Computer Electronics

COM Express Type 7 Carrier Boards: The hot rod of embedded computing

18 April 2019

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Technologies associated with Industry 4.0 — like 5G and IIoT — have affected industries by generating potential. However, Industry 4.0 relies heavily on big data, distributed computing and high-speed communication. Consequently, network capabilities on carrier boards have had to grow to adequately meet these new needs. Companies, including Sealevel, have built out COM Express Type 7 Carrier Boards that provide Industry 4.0 solutions for surveillance, industrial edge computing and big data network applications, especially in transportation.

What is COM Express Type 7?

As of 2016, COM Express Type 7 is the latest iteration of the computer-on-module system, defined by the PICMG consortium COM.0 Rev 3.0. This pinout type expands the applicability of previous COM express standards from personal computing to server applications, making it a server-on-module specification.

The Type 7 board is not a revision of COM Express Type 6 for replacement but as an alternate use category. Intended uses include headless servers, such as for data centers at the edge and within fog computing networks. The core computing of the board remains the same, but some of the interfaces changed. This board does not include native wireless communication, although that can be added via expansion interfaces available on the module and integrated onto a custom carrier board.

COM Express Type 7 board changes

This latest version departs from earlier specifications with three key changes.

Ethernet: The communication throughput IIoT needs

First, Type 7 is the only COM Express board with 10 Gigabit Ethernet (GbE) capabilities. Previous specifications were 1 GbE. This new pinout supports up to four 10 GbE interfaces. This addition also allows the easy inclusion of fiber optic transceivers, which contributes to overall improved communications capabilities.

The upgrade makes Type 7 an ideal module for low-power applications that require high computing performance and intense data transmission specifications, including high bandwidth and throughput. These applications include server scenarios, from remote data centers to IIoT edge servers receiving and transmitting video or imaging.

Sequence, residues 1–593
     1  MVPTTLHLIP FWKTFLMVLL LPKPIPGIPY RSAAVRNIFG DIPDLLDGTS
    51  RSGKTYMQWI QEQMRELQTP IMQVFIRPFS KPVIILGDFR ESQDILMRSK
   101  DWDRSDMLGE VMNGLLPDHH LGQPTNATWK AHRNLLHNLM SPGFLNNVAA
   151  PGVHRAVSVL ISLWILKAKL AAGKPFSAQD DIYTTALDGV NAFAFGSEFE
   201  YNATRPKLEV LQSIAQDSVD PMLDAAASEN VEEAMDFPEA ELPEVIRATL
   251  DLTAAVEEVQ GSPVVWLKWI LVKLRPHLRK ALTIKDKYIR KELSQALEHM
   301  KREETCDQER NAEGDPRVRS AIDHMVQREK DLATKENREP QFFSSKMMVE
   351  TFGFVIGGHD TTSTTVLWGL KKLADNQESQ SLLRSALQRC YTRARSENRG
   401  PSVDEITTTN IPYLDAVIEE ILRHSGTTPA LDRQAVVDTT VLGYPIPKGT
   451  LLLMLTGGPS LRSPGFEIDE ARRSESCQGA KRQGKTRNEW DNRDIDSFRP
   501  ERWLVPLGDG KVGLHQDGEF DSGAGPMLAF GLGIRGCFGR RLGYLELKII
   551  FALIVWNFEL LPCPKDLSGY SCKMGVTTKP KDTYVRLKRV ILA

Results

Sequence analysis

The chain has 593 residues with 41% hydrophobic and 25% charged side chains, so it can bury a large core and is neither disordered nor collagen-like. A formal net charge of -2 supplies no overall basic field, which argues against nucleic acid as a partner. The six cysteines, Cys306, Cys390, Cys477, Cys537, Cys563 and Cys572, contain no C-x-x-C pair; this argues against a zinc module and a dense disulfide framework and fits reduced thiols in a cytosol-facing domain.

Graphics IO: Maximizing server usage

Another key change is the removal of all graphics IO, audio and visual, and the halving of USB 2.0 and SATA ports, to four and two respectively. An example of a graphics interface would be HDMI to an external monitor. The lack of graphics makes the Type 7 board ideal for headless solutions. There are workarounds to the removal, but they are 2D solutions, which may not be sufficient for all users. This excludes the board from being used on

COM Express Type 7 Board Changes

any computer that requires 3D imaging or rendering, as well as complex graphics user interfaces, such as public safety dispatch computers. However, losing these interfaces is not an issue for operation as the buildout can be configured and controlled remotely.

PCI Express: Rapid, scalable storage

The final key change involves the addition of 32 high-speed PCI Express (PCIe) lanes, a partial intention behind the removal of all graphics IO and partial removal of the USB and SATA interfaces. Although this available space could be used for anything, the intention is to create room for Non-Volatile Memory Express (NVMe), which interfaces with mass-storage devices. This move increases storage capabilities necessary for data-intensive applications.

NVMe is a protocol for accessing high-speed storage media, such as solid-state drives (SSD), of which engineers can add many to the board for data center applications or storage attached networks. SATA is the old protocol for this function and geared toward rotating hard drives that have natural seek time limitations. However, the industry has moved to the new SSDs that make use of parallel flash operations. SATA hinders this flash capability while NVMe efficiently uses it. Moreover, NVMe does very fast seeking and rewriting of SSDs. While SSDs have shorter longevity compared to previous memory storage due to limited write cycles, they are reliable. Given the module architecture, these disks are easily changed if they do fail.

Xeon processing: Powering operations for real-time data analysis

Apart from the previous key changes, the COM Express Type 7 does work best with an updated server-grade processor. The Intel Xeon technologies have been perfect fits for boards using this specification. Xeons feature native 10 GbE interfaces and are designed with high-performance servers in mind.

Although these processors do require more power, they operate without a significant increase in associated cooling issues. Moreover, some selections within this family have industrial temperature ranges (40° C to 85° C) that allow the board to be utilized for rugged computing. This ruggedness brings server capabilities into more temperamental or extreme environments.

Why COM Express Type 7?

The COM Express Type 7 specification grew out of the need for computing "hot rods": embedded edge servers, in networks with distributed devices that had massive bandwidths capable of real-time communication. Servers with these requirements could be anything from local industrial clouds to fog servers, carrier-grade installations, rugged IoT edge and content distribution or broadcast infrastructures.